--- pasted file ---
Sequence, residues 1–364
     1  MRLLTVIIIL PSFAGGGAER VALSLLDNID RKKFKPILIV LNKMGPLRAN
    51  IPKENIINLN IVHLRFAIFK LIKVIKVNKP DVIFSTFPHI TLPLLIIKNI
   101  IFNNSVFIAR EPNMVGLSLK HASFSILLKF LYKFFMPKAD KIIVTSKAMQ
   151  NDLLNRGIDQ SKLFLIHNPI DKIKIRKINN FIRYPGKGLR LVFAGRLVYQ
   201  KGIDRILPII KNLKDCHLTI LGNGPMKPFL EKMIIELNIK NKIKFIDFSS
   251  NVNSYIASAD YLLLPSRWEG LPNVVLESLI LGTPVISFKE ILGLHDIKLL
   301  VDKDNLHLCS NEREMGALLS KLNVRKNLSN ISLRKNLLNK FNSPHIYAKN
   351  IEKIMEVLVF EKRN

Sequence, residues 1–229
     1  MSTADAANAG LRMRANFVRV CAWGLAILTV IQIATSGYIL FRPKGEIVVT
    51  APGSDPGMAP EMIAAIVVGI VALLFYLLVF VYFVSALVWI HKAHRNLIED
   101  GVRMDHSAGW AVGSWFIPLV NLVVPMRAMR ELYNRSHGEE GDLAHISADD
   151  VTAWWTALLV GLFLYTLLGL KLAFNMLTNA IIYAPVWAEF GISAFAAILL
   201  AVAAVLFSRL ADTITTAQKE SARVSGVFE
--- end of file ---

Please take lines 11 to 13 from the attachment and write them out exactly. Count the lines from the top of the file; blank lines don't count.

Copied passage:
     1  MSTADAANAG LRMRANFVRV CAWGLAILTV IQIATSGYIL FRPKGEIVVT
    51  APGSDPGMAP EMIAAIVVGI VALLFYLLVF VYFVSALVWI HKAHRNLIED
   101  GVRMDHSAGW AVGSWFIPLV NLVVPMRAMR ELYNRSHGEE GDLAHISADD